B’moro peace pact signed March 27
Jose Rodel Clapano (The Philippine Star) - March 15, 2014 - 12:00am

MANILA, Philippines - After 17 years of “arduous negotiations,” the government and the Moro Islamic Liberation Front (MILF) will sign a peace agreement on March 27,  Presidential Adviser on the Peace Process Teresita Deles said yesterday.

“We are finally arriving at a political settlement that will seal enduring peace and progress in Mindanao,” Deles said.

She said the signing of the comprehensive agreement on Bangsamoro (CAB) is expected to benefit not only the areas under the Bangsamoro but the entire country as well.

“It will radiate beyond our borders to the regional community, and perhaps the whole world,” Deles said.

She said preparations for the signing are in full swing.

“This is an event that requires careful planning and considerations especially in terms of the venue, etc. We will be sending out invitations soon,” she said.

On Tuesday, Orlando Cardinal Quevedo, the country’s newest cardinal, announced during a testimonial dinner for him in Cotabato City that Aquino had invited him to the signing. Aquino attended the thanksgiving mass officiated by Quevedo.

The first breakthrough in the peace negotiations between the government and the  MILF under the Aquino administration came on Oct. 15, 2012 when peace panels signed in Malacañang the Framework Agreement on the Bangsamoro (FAB).

Just recently, the government and the MILF signed the fourth and last annex on normalization of the FAB, which Deles said set the stage for CAB.

“With the leadership of our President P-Noy, who has enjoyed the highest sustained trust ratings of any President in our history, plus the massive international support that is funneling into the Mindanao peace process, we can overcome all the spoilers, we can obtain the support we need to build the Bangsamoro, we will win this game - this historical endeavor - in the end,” Deles said.

She said the CAB - the final peace deal - comprises the Framework Agreement on the Bangsamoro and its annexes on Transitional Arrangements and Modalities, Revenue Generation and Wealth Sharing, Power Sharing, and Normalization, as well as the Addendum on Bangsamoro Waters and Zones of Joint Cooperation.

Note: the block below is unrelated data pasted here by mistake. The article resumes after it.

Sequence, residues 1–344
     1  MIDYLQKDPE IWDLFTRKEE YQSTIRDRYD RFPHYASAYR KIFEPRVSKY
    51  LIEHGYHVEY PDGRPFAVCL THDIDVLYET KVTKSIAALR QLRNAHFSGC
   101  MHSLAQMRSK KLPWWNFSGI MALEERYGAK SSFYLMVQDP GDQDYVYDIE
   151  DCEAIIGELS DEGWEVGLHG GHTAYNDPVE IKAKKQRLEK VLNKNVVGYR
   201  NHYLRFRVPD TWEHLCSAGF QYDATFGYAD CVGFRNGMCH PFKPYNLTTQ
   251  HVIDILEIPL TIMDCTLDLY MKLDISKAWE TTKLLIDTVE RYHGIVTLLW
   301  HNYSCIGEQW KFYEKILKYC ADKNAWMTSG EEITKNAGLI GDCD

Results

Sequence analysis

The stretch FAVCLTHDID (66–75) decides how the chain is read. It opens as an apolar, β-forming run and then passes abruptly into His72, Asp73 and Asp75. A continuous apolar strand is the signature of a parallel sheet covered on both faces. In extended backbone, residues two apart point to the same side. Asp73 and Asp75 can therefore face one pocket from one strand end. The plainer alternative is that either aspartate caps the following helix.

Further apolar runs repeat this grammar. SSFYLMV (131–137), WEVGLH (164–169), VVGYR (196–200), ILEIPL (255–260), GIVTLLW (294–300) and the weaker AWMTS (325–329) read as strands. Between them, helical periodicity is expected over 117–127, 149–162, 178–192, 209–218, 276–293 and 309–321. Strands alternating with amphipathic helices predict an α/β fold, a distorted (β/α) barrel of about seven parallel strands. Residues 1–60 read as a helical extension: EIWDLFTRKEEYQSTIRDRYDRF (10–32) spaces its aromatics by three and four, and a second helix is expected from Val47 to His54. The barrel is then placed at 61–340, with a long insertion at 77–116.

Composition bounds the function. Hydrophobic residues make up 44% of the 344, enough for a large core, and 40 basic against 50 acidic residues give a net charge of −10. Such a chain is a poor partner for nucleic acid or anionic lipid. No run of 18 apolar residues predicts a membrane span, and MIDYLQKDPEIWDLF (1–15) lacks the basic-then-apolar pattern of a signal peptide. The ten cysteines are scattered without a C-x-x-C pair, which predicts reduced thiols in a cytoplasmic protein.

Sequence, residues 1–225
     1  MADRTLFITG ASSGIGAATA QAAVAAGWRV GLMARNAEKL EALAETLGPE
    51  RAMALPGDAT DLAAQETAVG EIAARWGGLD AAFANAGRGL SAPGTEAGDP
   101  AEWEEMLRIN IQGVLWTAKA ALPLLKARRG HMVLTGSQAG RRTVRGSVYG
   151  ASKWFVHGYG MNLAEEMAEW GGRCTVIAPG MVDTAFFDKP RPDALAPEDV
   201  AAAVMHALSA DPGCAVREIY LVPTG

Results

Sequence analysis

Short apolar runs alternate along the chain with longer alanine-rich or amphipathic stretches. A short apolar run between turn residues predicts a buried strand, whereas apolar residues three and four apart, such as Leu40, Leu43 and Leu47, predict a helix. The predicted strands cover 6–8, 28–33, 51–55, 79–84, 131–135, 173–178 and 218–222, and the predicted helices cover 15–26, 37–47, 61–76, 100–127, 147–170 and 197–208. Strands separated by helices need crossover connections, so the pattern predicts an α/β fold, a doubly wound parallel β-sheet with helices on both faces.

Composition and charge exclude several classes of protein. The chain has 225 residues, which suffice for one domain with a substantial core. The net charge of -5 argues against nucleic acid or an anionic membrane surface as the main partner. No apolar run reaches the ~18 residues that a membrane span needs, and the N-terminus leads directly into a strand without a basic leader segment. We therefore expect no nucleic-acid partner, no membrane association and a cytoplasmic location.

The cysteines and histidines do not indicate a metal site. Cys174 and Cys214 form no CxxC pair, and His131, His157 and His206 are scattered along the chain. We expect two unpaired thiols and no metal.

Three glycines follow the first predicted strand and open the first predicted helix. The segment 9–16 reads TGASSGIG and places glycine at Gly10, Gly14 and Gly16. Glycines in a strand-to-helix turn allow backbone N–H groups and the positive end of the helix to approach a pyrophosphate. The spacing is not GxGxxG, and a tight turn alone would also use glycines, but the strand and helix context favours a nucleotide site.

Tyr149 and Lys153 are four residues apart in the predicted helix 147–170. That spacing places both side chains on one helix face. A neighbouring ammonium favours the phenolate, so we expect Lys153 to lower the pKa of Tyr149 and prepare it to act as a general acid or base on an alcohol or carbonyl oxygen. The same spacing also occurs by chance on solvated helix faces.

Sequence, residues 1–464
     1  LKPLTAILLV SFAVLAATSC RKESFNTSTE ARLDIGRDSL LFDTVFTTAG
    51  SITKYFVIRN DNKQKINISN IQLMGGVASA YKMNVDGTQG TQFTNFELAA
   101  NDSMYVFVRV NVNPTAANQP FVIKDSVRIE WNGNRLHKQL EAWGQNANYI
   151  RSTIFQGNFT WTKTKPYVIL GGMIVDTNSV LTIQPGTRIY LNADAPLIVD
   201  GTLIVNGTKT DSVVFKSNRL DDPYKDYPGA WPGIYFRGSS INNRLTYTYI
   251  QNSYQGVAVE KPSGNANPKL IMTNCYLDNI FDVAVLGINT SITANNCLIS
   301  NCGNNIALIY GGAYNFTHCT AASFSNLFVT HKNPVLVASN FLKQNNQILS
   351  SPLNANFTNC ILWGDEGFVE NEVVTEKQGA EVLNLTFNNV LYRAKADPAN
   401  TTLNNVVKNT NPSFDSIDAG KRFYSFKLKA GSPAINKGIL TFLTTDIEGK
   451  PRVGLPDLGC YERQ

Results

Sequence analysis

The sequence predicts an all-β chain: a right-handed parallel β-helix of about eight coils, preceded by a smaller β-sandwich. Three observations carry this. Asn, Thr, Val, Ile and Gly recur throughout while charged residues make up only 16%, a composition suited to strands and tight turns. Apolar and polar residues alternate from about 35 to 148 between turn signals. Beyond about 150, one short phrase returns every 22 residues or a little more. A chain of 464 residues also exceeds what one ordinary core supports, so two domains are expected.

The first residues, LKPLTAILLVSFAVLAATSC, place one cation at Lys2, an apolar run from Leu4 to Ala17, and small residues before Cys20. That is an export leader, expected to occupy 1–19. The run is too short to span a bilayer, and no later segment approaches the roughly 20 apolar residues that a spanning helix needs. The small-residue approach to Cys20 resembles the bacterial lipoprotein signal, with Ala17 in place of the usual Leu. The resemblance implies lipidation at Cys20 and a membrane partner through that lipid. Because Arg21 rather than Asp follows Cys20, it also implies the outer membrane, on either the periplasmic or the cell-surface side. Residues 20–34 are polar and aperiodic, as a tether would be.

Deles said one of the most remarkable points in the deal is the gradual decommissioning of firearms on the ground, which she described as a “true testament to the sincerity and genuine desire of the MILF to fully embrace the cause of peace.”

“As business people, you know how vital peace and order is to the growth of your companies. The peace agreement covers this, with provisions for the creation of a Bangsamoro police force, based on recommendations of an Independent Commission on Policing and under the umbrella of one Philippine National Police, to enforce law and order and secure the Bangsamoro from terrorism and religious extremism,” Deles told businessmen in one of her speaking engagements early this year.

“Human security, combined with additional sources of revenues under the Annex on Wealth-Sharing for social services, infrastructure development and environment management, will sustain peace and productivity in the Bangsamoro communities,” Deles added.

Deles said the peace process has explored every scenario and possibility to make sure a final agreement has solid footing.

“This is our comprehensive peace roadmap for Mindanao. As you can see, the process is very detailed, and also very, very challenging,” Deles said.

“Our roadmap is designed precisely to ensure that everything is done within the boundaries of our Constitution including its flexibilities, accompanied by broad consultations, and a very transparent, inclusive, and democratic process,” Deles added.

She said that with lasting peace in Mindanao now on the horizon, the Philippines would enjoy maximum benefits from the Association of Southeast Asian Nations economic integration starting next year.

“As we prepare for the ASEAN economic integration that takes place next year, we are doing our own economic integration at the national and regional levels, with a more peaceful Mindanao emerging as our attractive gateway to global and regional trade and investments,” she said.

“Two of our neighbors, Indonesia and Malaysia, have among the largest Muslim constituencies in the world. Poised to achieve peaceful transformation into a viable and sustainable political and economic entity, the Bangsamoro shall be our front door to regional trade,” Deles said.

Deles said the ASEAN economic integration is expected to facilitate intra-regional flow of goods.

“Through the Bangsamoro, we shall strengthen the politics of reconciliation and build an economy of equal opportunity. No one - Muslim, Christian, or indigenous peoples - will be left behind. Each will enjoy the benefits of good governance, social equity, and, most of all, the rule of law in a society of cultural and religious diversity,” she said.

 

AQUINO ASSOCIATION OF SOUTHEAST ASIAN NATIONS BANGSAMORO BANGSAMORO WATERS AND ZONES OF JOINT COOPERATION COTABATO CITY DELES FRAMEWORK AGREEMENT INDEPENDENT COMMISSION MINDANAO PEACE
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